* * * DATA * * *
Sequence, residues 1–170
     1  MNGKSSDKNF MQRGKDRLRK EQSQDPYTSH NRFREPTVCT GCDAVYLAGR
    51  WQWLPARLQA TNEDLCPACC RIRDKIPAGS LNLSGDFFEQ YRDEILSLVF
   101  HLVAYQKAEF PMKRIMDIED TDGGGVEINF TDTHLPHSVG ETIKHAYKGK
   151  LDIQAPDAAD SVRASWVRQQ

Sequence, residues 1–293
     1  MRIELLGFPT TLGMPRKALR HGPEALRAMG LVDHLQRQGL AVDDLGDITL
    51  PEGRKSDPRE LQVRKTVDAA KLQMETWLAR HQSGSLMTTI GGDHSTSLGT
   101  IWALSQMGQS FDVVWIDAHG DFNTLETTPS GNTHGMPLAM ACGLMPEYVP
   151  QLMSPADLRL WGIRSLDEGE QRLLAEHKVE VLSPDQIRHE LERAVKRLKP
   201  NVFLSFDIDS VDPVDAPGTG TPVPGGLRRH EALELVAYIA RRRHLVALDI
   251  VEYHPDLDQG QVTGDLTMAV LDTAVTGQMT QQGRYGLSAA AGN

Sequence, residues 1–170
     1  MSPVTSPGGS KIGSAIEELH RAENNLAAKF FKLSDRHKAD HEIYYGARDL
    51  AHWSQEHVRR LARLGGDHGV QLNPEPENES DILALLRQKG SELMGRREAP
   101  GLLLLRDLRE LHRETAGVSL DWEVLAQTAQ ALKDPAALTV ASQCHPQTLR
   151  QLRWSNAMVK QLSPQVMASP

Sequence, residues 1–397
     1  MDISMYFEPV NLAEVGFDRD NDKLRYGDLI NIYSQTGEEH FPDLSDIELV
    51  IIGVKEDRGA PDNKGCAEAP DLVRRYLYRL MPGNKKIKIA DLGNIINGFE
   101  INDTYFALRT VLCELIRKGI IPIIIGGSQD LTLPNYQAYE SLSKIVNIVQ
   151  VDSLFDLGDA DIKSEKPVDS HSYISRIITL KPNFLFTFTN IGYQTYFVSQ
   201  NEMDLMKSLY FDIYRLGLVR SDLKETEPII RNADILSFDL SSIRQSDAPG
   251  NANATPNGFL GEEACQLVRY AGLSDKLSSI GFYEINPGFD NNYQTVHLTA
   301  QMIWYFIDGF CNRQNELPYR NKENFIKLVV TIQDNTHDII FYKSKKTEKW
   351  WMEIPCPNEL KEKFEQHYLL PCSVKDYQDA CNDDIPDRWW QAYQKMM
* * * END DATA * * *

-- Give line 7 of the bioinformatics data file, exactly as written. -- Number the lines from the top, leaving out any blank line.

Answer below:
     1  MRIELLGFPT TLGMPRKALR HGPEALRAMG LVDHLQRQGL AVDDLGDITL